muni

Day 1, San Francisco into Utah

When my train set out, just before 9 am, I was too late for breakfast but my cabin attendant, Pistol Pete, shaven headed, goateed, and with manic energy, brought me a bag of blueberry cobbler and granola, and a fruit cup, all wrapped in festive holiday paper with gold stars on it and everything wrapped in gold ribbon, which I savored in my narrow little economy room.

If I had flown coach, instead, and had wanted something to eat I would have received a rifle butt to the face by some TSA thug, followed by a nice misting of Mace from the flight attendant. Then, like some Bizarro World Oliver Twist I would have been made to say, "Please sir, may I have some more?"

Around Davis, CA, I thought I saw a cactus farm.

In Roseville, at the JR Davis freight yard, I saw some of the most fantastic graffiti artwork on the boxcars, including an absolutely perfect Brian and Stewie of Family Guy fame, produced with masterful spray paint technique. The christian Nazis had been at work as well, crudely spray painting swastikas and the word HATE with the T in the shape of a cross and rays of light radiating from it. Because, you know, Jesus was a Nazi.

Once we began our climb into the Sierra Nevadas the snow appeared. At Switch 9, just before the tunnel and Donner Lake, we had to wait for the Flanger to clear the tracks of snow before we could continue. First the Flanger cleared the way for the west bound train, then came back and led the way for us, over the mountains.

Certainly, snow can be beautiful, but I have never liked it. It is a symbol of death and endings; its quiet, eerie and full of foreboding. And, for me, the mountains make it worse. Of course, I had a much better time of it, munching on quiche in the dining car, than the Donner party did once upon a time in the same area.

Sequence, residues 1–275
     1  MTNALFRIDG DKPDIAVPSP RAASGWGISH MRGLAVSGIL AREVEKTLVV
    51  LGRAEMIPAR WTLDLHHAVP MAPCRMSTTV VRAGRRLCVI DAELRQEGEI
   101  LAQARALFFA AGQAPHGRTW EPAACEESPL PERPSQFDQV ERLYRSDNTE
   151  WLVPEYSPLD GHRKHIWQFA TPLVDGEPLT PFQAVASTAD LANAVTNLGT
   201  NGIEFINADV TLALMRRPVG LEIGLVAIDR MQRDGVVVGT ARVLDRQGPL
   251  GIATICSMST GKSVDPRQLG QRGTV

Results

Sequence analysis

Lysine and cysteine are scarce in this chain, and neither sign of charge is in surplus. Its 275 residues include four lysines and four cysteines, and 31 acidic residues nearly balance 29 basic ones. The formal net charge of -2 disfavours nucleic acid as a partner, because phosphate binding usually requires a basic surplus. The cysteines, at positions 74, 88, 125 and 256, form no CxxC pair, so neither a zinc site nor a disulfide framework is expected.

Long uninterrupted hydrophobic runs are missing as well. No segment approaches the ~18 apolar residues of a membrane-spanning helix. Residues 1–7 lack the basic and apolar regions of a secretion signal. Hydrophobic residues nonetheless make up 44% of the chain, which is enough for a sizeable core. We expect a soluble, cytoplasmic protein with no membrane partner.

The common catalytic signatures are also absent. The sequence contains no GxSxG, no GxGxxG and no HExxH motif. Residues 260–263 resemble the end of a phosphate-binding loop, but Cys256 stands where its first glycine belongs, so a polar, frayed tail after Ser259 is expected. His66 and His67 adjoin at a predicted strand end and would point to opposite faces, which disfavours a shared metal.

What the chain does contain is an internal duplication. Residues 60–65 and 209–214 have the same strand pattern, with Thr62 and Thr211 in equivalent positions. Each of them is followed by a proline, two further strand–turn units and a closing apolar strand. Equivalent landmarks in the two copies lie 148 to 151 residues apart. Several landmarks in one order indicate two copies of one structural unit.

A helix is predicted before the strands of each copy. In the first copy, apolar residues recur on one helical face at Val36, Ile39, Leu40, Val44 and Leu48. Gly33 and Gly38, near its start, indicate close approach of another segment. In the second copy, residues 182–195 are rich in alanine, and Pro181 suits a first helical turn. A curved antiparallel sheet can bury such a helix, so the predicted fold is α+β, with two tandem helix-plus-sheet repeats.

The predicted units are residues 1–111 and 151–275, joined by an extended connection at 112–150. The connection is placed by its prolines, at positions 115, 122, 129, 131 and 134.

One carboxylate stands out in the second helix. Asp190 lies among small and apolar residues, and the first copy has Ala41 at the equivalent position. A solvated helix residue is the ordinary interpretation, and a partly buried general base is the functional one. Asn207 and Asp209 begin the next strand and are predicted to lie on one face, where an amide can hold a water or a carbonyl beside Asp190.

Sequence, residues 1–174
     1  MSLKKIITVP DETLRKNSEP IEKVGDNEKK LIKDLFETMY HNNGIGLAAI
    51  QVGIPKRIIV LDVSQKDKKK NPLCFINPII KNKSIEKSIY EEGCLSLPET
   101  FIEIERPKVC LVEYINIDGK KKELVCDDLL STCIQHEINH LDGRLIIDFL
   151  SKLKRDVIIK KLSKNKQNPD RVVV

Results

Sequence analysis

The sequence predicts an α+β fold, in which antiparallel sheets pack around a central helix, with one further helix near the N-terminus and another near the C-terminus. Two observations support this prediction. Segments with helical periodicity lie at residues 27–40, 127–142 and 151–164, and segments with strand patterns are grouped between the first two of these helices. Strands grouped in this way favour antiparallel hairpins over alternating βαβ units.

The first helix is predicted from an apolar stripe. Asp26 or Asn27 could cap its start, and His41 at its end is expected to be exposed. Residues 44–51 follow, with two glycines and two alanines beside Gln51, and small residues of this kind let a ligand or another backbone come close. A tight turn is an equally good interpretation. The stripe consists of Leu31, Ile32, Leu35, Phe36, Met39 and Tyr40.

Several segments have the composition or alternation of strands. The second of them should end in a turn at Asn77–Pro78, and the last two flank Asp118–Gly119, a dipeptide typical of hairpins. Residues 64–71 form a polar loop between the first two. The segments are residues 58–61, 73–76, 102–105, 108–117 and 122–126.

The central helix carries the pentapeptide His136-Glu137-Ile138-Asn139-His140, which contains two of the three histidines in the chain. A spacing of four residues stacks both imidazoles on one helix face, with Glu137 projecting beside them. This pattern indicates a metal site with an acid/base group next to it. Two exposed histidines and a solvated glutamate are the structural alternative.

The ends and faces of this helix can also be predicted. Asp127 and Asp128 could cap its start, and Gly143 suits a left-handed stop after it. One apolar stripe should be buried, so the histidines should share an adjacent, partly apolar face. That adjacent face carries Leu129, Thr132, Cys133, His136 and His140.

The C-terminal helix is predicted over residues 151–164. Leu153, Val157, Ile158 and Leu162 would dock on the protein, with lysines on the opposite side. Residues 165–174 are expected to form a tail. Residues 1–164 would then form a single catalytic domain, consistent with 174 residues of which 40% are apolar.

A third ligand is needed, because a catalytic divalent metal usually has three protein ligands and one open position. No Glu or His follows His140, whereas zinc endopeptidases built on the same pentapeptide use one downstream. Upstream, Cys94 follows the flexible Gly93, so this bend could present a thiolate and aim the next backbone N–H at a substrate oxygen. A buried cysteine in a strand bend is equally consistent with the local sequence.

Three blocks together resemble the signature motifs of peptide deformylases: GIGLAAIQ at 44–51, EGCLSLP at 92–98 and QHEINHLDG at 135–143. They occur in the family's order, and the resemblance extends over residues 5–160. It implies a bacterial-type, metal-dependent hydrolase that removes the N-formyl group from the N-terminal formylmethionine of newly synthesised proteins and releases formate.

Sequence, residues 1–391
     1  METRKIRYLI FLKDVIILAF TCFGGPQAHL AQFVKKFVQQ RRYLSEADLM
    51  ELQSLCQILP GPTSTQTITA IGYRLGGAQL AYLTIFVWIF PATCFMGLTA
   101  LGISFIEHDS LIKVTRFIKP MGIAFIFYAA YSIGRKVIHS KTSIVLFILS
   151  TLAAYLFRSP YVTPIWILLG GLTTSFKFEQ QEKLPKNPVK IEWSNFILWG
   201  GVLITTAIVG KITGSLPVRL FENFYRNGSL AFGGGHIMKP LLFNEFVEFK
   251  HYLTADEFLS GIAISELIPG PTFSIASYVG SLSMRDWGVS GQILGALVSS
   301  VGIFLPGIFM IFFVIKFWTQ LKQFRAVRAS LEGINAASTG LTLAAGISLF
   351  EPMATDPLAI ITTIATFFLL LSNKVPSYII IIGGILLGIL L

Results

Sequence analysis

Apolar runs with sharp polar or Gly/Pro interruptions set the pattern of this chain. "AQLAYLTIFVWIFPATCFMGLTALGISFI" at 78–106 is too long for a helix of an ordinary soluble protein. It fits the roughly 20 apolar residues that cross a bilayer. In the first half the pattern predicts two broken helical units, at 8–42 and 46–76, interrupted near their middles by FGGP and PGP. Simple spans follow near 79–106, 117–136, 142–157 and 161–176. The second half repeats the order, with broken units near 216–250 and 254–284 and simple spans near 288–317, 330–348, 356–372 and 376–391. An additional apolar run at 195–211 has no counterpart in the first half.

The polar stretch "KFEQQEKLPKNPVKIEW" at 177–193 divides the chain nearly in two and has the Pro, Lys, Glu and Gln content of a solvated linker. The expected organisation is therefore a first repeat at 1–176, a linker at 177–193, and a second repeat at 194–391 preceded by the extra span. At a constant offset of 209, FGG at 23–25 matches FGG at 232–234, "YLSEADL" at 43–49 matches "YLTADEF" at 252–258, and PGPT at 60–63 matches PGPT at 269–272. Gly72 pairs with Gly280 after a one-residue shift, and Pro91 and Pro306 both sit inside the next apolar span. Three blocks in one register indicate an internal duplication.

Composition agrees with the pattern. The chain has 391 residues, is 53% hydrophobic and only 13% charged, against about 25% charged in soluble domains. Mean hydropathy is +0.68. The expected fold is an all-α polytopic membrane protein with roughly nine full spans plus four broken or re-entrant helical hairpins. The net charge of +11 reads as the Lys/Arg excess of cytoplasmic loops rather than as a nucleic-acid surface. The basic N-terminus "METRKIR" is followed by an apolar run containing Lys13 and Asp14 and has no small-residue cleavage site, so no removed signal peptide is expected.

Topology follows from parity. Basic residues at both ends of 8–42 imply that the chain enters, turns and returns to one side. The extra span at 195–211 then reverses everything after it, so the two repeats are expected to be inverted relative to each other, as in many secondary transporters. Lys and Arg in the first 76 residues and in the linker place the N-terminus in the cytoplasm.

At lunch I met Paul Morris, a self-professed world traveler from Canada. Paul said that he had a country house in Canada but spent his summers in Thailand and the Far East. He said that he had been traveling non-stop since the early 1960s and was 60 years old now. He rolled around the country on trains, back and forth, and would usually stay in hostels in between. It was virtually impossible to pin Paul down on his source of income. All I could get out of him was that he painted interiors, and did a lot of house sitting for friends all over the world.

Paul exclaimed several times about how cheap it was to live in Thailand, and that it was madness to slave 80 hours a week one's whole life only to eke out a retirement from social security and meager savings and live in a freezing shit hole like Nova Scotia (his example) in some miserable small room.

When I look at all the 20 something Europeans traveling on the train and around the US, some for weeks at a time, often on full pay, and at the moment buying up everything in our shops because the dollar is in the toilet, I wonder why we Americans do allow ourselves to be treated the way we are by our government and our corporations. Thailand sounds really good right now.

My next door neighbor in the sleeper car was Rita, a professor of modern and African dance at the University of Oregon. Rita was on her way to Denver to visit her 48 year old sister, who had just had twins with the help of an egg donation from her younger sister. I found it interesting to note, later, that Rita had chosen a picture of a nest full of sky blue robin eggs for her login icon on her Macbook Pro.